ready for anesthesia he cannot eat for a number of hours.
Then early in the morning staff wake him up and he is brought to the
hospital. Ray is put under anesthesia, and electricity is run through
his head inducing a convulsion. He wakes up with more memory and
Ray has had more than three dozen and he says, “It is scary as hell
every time I go.”
Ray’s forced shock is not because of a lack of public attention.
Hundreds have spoken out against this ongoing forced shock. Last
month, Ray’s plight was aired on National Public Radio. Ray’s own
elderly mother, a retired psychiatric nurse, has recently pleaded
with Ray’s psychiatrist to stop (since Ray is under guardianship, she
has no official say).
Most recently, Ray was sent to a neurologist for a check-up, but that
did not stop his shock.
The only change this past month is that instead of weekly
electroshock, Ray is now on a complicated pattern of every other
week, followed by every third week, back to every other week. Instead
of receiving his maintenance electroshock last Wednesday as Ray at
first expected, his shock is today.
Why are we surprised?
Based on the hard-won lessons of so many other groups that have
organized for their basic human rights, how can we expect real change
In my 33 years in this field, I have seen many colleagues begin to
work in organizations and agencies that are funded by the mental
health system, and many of them are doing tremendously helpful and
crucial work. This work must continue, it’s a sign of hope.
Today it is common to hear mental health system leaders claim this
system’s values have changed to:
* Mental health consumer self-determination.
* Client empowerment.
* Advocacy and human rights.
* Consumer-driven trauma-informed peer-delivered services.
And again, there are signs of hope.
But we ask:
Why is Ray Sandford getting involuntary maintenance electroshock this
Why is there a mental health “Abu Ghraib” operating before our very
Why does forced electroshock and forced psychiatric drugging continue
in other states in the USA?
Why is forced electroshock growing internationally?
In my study of history, minor reform of psychiatry is not a solution,
minor reform is one of the problems.
Minor reform fuels more of the same.
When you hear a simple call for “more money” for the mental health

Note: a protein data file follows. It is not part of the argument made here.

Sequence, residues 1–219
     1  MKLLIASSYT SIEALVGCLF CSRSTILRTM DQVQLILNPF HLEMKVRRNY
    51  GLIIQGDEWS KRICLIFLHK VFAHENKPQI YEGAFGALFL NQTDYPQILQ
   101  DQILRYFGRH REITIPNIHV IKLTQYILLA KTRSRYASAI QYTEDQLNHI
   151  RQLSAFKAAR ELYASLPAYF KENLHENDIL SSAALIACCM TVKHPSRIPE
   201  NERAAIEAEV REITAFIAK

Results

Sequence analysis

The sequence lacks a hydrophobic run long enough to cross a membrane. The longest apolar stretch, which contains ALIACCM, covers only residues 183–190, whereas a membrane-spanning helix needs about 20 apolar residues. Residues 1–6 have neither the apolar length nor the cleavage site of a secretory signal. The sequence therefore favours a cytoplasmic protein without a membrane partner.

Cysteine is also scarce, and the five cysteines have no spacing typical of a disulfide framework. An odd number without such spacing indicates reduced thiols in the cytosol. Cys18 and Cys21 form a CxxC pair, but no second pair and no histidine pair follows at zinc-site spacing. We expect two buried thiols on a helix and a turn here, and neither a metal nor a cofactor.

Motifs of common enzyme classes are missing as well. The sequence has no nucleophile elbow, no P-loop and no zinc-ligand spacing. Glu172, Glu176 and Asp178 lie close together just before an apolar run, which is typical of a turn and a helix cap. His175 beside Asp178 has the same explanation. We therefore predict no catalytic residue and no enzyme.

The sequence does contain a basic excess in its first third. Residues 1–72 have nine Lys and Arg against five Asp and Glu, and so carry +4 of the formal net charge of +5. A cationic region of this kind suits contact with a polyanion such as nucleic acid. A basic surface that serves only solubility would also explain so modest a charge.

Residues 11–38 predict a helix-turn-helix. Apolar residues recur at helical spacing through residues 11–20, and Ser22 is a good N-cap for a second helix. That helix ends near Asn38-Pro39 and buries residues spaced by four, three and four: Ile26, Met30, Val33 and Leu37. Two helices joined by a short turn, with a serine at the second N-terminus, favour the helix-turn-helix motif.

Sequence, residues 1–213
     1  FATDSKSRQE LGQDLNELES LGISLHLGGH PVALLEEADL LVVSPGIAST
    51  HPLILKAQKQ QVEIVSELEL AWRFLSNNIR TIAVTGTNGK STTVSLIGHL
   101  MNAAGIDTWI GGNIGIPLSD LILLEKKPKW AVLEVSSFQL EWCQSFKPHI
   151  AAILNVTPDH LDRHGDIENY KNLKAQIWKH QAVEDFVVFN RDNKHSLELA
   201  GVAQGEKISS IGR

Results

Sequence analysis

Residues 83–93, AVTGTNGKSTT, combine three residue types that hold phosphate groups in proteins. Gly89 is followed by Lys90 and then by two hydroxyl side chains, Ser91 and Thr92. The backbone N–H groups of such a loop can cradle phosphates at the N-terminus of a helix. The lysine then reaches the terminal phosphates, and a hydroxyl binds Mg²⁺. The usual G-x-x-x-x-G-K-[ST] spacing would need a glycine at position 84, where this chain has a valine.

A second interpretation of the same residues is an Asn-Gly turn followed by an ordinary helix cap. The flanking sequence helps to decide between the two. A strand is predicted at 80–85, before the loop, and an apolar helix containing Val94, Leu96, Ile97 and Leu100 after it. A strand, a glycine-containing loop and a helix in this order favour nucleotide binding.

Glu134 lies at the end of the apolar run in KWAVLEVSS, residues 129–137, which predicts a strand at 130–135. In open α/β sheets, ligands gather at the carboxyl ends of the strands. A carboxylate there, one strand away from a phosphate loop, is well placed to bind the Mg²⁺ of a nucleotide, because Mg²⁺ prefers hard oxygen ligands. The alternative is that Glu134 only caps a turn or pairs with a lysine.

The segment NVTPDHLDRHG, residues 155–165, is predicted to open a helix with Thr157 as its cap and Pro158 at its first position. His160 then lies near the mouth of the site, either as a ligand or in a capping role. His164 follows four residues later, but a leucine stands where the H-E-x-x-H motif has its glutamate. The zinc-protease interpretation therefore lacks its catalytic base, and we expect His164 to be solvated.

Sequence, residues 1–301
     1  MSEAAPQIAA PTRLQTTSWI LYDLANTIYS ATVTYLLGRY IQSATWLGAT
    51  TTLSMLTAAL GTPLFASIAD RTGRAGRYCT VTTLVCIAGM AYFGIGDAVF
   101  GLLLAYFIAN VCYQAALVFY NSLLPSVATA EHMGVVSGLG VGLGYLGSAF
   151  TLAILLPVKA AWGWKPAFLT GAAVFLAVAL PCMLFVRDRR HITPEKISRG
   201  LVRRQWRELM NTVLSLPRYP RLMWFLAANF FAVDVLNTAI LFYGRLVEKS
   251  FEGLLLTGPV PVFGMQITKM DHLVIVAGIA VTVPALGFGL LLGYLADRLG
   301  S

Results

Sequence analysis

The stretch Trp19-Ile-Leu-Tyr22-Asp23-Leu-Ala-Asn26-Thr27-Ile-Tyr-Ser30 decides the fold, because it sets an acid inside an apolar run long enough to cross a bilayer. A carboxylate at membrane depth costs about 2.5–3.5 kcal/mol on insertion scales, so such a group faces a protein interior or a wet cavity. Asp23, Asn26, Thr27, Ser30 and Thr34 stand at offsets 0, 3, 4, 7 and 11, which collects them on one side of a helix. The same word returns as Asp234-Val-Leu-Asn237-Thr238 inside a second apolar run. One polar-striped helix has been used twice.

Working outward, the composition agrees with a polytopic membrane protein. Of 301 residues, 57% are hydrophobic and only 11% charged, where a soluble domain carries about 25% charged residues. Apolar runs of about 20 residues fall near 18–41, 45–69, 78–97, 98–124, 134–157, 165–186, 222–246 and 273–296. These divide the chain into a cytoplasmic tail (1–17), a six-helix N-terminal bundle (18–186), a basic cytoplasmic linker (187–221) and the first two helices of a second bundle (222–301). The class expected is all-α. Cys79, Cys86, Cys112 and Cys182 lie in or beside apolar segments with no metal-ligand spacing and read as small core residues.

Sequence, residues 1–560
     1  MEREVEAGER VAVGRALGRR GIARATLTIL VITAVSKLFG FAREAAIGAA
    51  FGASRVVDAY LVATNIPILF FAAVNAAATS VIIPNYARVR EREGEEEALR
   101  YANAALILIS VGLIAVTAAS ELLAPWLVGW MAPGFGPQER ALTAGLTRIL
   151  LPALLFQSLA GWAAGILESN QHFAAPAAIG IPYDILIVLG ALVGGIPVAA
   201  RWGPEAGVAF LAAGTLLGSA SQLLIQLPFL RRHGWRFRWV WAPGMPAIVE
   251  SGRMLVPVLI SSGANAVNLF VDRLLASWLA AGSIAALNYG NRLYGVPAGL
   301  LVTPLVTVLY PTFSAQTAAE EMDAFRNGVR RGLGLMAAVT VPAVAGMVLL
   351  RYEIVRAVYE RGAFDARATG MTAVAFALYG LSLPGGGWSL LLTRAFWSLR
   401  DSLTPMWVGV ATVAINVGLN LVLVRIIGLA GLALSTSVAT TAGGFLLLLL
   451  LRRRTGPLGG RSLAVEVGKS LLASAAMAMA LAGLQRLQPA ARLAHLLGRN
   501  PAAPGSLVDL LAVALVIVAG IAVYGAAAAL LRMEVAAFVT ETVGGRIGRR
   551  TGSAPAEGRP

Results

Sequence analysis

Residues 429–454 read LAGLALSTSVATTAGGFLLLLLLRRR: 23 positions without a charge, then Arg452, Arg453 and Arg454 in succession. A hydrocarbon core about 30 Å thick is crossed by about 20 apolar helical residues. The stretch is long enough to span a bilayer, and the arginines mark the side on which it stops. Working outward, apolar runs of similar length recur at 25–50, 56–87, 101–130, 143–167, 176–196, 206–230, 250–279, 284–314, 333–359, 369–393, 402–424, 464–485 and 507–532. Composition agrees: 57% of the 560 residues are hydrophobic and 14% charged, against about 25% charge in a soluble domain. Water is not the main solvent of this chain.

system — without addressing the required fundamental change, watch out!
Truly, we need a nonviolent revolution in the mental health system.
Historically, nonviolent revolution requires nonviolent protest.
So there is one question now:
Protest, or not?
Protest begins with a decision. I hope you make that personal
If you agree it is time for protest, please forward this to a
colleague and add in your own words, “I agree, it’s time.”
– David W. Oaks, Director, MindFreedom International
For links to latest news, Ray Campaign blog, and frequently asked
questions about the “No More Shock For Ray Campaign” go here:
454 Willamette, Suite 216 – POB 11284
Eugene, OR 97440-3484 USA
Crazy is not even the word for it:
Old news from an unknown source:
“A new generation of drugs is needed,” said Dr. Thomas R. Insel, director of the National Institute of Mental Health. “It is clear from this data that antidepressants are not the answer.”
Dr. Insel admits that another major treatment outcome evaluation study sponsored by NIMH, “Effectiveness of Adjunctive Antidepressant Treatment for Bipolar Depression,” the largest study yet, confirms that the widespread practice of prescribing antidepressants lacks clinical justification. The drugs were of no value for the treatment of depression thereby challenging US psychiatrists’ aggressive use of combined psychotropic drugs. U.S. psychiatrists’ “strongly held beliefs about the efficacy of antidepressants in treating bipolar depression” is not supported by evidence. The practice can be traced to the influence the drug industry has on U.S psychiatry.